music-for-my-videoMusicians earn income royalties in a few different ways. For instance, a musician who performs a song on a recording but didn’t write the song, receives one type of royalty; the performance royalty. The writer of the song (even if they didn’t perform it on the recording) receives other types of music royalties.

What are the types of music royalties?

1. Mechanical Royalties – paid by the person/company who releases a record/download to the writer of the song, whether the writer performed the song or not. Think of mechanicals as money earned during the reproduction of the recording; vinyl, download, cd, dvd, tape, etc. Mechanicals are a statutory rate. Harry Fox Agency offers great information about this and a rate calculator.

2. Performance Royalties – paid to the songwriter by Performance Rights Organizations (ASCAP, BMI, or SESAC) from fees these Performance Rights Organizations collect from broadcasters such as radio and television stations for the rights to broadcast copyrighted material. Even public venues such as nightclubs and coffee shops must pay for the performance rights of music played in their establishments and PROs will even distribute payments for live performances, not just broadcasts of recordings.

3. Synchronization Royalties – paid to the songwriter by a producer of a movie, TV show, or ad for the right to use the songwriter’s music in their movie, TV show, or ad. The name really says it all… this royalty is a payment or payment schedule agreed upon a case-by-case basis between the publisher and the end-user (film, tv, game). This gives that user the right to synchronize the music to another media. If the songwriter is the performing artist on the recording, then one agreement will suffice. If the recording’s performing artist isn’t the original writer, the user must obtain separate agreements from the owner of the recording and the original songwriter to synchronize the music to their media.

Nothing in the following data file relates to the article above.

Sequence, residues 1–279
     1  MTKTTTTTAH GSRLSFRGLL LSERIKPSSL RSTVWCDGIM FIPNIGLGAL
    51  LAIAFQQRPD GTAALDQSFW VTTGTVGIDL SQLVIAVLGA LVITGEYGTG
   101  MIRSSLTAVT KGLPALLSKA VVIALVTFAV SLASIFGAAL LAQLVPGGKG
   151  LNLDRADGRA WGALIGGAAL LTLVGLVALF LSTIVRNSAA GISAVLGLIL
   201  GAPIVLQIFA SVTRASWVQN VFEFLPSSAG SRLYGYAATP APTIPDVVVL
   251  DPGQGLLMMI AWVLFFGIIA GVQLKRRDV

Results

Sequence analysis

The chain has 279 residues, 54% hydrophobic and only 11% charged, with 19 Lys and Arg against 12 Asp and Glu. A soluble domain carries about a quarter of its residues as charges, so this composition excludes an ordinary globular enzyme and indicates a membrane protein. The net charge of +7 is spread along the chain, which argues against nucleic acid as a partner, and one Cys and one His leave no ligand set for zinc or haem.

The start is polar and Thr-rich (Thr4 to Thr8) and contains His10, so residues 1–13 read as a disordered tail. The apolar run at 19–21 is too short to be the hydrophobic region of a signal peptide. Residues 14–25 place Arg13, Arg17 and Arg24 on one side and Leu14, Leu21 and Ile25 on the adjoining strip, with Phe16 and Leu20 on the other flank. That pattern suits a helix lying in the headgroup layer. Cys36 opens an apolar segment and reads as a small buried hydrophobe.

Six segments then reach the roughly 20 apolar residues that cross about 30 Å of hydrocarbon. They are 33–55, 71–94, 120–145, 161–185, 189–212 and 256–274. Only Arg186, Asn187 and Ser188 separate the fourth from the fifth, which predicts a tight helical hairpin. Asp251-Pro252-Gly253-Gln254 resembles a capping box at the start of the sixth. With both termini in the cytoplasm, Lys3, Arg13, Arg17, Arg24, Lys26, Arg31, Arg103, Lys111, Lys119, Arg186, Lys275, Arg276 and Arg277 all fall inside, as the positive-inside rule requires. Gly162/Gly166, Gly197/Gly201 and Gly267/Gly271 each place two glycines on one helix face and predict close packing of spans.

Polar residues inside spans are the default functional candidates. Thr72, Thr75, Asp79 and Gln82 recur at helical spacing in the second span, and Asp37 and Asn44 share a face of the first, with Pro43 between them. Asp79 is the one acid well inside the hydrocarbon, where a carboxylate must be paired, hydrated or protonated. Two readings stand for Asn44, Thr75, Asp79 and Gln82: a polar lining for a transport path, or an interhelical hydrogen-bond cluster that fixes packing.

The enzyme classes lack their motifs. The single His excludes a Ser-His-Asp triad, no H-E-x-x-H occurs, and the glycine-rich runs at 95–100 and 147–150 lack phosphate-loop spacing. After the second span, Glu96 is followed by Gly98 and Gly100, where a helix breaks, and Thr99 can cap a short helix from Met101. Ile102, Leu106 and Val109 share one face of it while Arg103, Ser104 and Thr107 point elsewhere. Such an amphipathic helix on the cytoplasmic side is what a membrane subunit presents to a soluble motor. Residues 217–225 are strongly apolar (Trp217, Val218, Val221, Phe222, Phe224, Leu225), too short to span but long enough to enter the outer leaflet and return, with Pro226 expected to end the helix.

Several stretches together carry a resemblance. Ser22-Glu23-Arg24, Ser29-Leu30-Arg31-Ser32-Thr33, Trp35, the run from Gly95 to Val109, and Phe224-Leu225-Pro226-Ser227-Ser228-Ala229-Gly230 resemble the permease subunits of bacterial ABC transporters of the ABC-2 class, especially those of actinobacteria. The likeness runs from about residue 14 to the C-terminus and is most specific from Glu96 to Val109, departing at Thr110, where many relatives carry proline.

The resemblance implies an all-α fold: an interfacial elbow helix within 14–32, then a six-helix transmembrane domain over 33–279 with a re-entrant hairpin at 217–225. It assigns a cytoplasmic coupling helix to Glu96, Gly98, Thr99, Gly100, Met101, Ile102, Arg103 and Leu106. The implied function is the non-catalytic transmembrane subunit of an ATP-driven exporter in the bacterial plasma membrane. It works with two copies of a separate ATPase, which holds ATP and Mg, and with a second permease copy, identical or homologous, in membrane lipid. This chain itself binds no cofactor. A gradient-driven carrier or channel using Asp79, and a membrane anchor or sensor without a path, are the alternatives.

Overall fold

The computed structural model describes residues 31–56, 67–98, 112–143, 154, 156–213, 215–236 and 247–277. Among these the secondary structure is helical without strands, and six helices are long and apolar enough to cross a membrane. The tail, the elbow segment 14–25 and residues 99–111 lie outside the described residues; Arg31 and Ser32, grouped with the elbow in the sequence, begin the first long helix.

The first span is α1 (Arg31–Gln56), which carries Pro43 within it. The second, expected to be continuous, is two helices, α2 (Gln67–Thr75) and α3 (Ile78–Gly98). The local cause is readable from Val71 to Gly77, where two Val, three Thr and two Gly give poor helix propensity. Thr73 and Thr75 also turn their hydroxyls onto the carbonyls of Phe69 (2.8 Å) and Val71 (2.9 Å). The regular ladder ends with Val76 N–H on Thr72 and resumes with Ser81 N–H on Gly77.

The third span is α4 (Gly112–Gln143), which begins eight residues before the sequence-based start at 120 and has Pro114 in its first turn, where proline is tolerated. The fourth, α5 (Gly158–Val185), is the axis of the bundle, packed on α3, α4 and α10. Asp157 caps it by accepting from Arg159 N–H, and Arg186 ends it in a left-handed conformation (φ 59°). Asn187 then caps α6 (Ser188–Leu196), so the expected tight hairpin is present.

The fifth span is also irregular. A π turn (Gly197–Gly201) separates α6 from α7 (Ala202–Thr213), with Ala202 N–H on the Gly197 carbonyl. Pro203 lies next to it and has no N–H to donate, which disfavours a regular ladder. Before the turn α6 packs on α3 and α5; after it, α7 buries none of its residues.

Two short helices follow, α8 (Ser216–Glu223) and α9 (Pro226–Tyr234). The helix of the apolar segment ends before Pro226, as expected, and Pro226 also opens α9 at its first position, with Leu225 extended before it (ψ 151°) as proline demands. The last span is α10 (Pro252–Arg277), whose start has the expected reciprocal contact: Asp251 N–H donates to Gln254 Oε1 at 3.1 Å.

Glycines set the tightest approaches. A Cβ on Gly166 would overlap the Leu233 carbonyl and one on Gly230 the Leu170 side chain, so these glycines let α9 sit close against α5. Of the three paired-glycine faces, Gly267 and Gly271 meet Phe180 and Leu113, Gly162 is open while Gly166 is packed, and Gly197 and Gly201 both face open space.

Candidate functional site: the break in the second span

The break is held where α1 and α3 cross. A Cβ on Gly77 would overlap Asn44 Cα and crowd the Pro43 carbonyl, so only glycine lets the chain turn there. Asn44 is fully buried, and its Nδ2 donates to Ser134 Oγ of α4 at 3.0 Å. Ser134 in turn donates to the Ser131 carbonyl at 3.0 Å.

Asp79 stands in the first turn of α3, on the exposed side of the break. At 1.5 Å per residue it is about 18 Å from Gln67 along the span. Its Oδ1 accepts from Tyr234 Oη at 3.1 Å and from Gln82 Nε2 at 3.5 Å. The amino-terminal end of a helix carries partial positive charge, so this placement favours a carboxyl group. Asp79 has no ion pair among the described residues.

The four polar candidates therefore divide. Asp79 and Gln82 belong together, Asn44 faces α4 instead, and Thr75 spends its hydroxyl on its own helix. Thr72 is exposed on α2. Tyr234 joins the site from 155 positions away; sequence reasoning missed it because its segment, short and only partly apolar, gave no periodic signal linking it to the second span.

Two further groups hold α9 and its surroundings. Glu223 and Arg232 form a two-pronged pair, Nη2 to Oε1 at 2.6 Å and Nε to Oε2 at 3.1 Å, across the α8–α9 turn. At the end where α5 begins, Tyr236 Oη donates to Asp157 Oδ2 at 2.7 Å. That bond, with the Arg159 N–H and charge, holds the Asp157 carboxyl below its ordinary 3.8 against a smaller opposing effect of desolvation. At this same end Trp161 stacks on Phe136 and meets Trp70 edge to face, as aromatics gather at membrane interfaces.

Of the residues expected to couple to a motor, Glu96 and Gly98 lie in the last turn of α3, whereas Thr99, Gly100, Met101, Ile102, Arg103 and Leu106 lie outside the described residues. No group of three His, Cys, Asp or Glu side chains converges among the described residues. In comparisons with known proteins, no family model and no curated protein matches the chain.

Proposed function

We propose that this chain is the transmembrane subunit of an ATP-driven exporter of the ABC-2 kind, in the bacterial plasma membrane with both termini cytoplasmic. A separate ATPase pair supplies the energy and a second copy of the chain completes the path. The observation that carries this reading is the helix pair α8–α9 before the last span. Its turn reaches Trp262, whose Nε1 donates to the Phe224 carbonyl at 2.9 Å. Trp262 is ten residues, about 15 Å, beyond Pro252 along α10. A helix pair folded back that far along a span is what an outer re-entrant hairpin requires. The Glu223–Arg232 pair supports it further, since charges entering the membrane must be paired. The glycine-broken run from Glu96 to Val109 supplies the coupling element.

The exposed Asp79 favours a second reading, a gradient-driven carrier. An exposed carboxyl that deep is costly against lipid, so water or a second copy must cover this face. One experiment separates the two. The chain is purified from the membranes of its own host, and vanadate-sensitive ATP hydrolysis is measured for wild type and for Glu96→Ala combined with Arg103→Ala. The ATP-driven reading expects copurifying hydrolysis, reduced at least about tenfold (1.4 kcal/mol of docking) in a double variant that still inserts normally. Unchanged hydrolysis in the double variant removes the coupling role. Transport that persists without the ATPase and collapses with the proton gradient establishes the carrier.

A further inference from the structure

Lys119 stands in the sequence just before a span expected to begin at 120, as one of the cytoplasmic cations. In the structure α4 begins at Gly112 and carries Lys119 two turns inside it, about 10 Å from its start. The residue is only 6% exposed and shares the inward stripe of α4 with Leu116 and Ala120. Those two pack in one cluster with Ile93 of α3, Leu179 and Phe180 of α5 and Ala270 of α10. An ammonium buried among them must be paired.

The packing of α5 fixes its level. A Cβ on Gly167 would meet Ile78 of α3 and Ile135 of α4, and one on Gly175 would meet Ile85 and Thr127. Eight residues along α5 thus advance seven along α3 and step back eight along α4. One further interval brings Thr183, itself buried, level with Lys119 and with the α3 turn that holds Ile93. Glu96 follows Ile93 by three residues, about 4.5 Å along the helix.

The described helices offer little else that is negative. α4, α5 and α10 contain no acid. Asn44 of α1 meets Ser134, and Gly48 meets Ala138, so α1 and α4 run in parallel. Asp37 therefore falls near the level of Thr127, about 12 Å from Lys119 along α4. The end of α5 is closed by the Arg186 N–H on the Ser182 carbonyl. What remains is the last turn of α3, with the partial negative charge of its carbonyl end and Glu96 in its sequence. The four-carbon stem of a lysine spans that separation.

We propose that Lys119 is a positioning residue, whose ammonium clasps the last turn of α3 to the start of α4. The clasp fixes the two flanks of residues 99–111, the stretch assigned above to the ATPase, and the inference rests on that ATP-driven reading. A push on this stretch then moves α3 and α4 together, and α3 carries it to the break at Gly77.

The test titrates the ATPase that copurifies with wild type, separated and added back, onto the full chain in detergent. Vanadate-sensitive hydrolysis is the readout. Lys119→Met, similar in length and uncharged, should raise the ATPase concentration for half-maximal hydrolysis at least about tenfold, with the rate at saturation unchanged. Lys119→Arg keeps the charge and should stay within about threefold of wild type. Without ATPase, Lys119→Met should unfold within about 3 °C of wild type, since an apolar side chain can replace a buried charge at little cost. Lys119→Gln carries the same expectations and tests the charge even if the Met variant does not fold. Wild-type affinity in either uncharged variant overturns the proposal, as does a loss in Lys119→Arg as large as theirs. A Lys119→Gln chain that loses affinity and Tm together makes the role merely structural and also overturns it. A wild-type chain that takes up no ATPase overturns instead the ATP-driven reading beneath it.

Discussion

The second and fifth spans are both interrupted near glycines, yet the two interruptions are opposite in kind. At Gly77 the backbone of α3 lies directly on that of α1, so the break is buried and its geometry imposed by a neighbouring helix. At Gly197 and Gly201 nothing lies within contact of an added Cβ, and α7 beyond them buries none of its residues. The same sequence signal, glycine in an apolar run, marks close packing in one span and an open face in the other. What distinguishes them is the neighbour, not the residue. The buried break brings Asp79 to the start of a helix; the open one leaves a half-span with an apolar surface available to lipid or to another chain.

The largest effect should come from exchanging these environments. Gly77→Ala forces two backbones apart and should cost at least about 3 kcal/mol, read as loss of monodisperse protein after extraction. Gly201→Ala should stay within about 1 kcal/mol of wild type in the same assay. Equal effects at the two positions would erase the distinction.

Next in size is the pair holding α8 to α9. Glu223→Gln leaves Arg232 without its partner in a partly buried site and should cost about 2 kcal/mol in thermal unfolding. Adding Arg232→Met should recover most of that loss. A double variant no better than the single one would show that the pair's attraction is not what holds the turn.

The amount of these music royalties can range from a few cent to hundreds of thousands of dollars. It is depends on the type of royalty, the popularity of the song, how the song will be used, and every other metric imaginable.

There are lots of great resources online to learn more about royalties. A great place to start is Artists House Music. Here is a link to their articles about royalties and publishing.